How to Manipulate the Touchscreen on Your Android Phone

By Dan Gookin

The touchscreen on your Android phone works in combination with one or two of your fingers. You can choose which fingers to use, or whether to be adventurous and try using the tip of your nose, but touch the touchscreen you must. Here are some of the many ways you manipulate your phone’s touchscreen:

  • Tap: In this simple operation, you touch the screen. Generally, you’re touching an object such as an icon or a control. You might also see the terms touch or press.

  • Double-tap: Touch the screen twice in the same location. A double-tap can be used to zoom in on an image or a map, but it can also zoom out. Because of the double-tap’s dual nature, you might consider using the pinch and spread operations instead.

  • Long-press: Tap part of the screen and hold down your finger. Depending on what you’re doing, a pop-up menu may appear, or the item you’re long-pressing may get “picked up” so that you can drag (move) it around. Long-press might also be referred to as tap and hold.

  • Swipe: To swipe, tap your finger on one spot and then move your finger to another spot. Swipes can go up, down, left, or right. This action often moves information on the touchscreen, similar to the way scrolling works on a computer. A swipe can be fast or slow. It’s also called a flick or slide.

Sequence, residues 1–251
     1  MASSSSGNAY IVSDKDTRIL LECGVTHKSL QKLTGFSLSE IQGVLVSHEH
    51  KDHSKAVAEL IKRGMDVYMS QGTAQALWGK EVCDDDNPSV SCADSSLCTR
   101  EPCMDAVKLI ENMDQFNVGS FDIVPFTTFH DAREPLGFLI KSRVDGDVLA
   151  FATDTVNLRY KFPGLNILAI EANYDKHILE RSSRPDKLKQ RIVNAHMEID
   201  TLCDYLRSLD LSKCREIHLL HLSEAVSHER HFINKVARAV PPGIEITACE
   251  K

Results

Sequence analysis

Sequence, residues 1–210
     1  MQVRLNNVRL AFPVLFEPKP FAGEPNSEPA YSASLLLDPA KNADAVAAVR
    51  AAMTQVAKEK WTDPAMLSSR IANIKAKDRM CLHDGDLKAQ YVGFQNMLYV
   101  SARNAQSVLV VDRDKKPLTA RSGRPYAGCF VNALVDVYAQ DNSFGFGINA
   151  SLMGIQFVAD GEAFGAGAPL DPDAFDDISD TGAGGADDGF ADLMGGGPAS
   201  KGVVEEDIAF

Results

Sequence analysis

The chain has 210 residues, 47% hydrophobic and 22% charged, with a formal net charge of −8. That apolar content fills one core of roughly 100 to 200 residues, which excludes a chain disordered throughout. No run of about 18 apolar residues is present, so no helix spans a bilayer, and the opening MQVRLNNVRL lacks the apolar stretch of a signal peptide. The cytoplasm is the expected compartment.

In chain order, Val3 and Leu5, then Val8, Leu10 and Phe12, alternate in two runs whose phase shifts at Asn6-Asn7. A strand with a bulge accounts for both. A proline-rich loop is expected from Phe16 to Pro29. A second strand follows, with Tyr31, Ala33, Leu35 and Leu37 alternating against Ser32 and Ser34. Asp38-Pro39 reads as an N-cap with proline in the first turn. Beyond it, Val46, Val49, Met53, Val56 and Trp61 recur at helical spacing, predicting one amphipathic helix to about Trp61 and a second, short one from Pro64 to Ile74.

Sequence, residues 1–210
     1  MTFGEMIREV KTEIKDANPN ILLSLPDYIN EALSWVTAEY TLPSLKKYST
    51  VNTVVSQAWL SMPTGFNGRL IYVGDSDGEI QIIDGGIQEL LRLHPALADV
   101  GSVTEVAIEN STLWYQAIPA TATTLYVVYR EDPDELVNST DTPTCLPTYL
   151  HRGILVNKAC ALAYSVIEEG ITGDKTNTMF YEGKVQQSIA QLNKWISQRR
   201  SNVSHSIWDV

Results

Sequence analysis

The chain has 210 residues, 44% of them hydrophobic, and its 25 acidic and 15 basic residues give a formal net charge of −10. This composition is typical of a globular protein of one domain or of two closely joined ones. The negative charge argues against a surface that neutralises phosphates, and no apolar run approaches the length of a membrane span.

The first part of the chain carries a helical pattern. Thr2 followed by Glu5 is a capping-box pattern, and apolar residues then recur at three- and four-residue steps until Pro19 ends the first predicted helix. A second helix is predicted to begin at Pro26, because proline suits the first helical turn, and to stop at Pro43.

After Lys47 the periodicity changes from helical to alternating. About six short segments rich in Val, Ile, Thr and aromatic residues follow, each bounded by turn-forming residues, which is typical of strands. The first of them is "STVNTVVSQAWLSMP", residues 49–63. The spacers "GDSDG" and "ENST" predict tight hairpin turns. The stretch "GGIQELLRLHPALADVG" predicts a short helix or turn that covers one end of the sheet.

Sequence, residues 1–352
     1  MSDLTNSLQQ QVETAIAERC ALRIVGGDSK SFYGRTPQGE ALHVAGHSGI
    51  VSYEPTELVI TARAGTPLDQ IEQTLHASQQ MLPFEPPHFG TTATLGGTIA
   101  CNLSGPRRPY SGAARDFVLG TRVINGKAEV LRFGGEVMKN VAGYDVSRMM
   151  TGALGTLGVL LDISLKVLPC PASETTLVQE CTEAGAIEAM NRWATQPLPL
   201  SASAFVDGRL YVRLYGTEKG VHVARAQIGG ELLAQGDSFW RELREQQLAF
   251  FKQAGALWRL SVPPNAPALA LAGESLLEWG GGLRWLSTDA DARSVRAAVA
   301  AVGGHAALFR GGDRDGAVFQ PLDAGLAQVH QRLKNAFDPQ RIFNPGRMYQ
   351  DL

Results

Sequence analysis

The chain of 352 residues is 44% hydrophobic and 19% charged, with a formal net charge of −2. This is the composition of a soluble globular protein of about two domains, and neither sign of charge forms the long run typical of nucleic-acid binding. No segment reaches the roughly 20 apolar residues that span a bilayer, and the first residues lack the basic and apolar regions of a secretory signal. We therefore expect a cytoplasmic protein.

• Drag: A combination of long-press and then swipe, the drag operation moves items on the screen. Start with the long press, then swipe while keeping your finger on the screen. Lift your finger to complete the action.

  • Pinch: A pinch involves two fingers, which start out separated and then are brought together. The pinch is used to zoom out on an image or a map. This move may also be called a pinch close.

  • Spread: In the opposite of a pinch, you start with your fingers together and then spread them. The spread is used to zoom in. It’s also known as a pinch open.

  • Rotate: Use two fingers to twist around a central point on the touchscreen, which has the effect of rotating an object on the screen. If you have trouble with this operation, pretend that you’re turning the dial on a safe.

You can’t manipulate the touchscreen while wearing gloves, unless they’re gloves specially designed for use with electronic touchscreens, such as the gloves that Batman wears.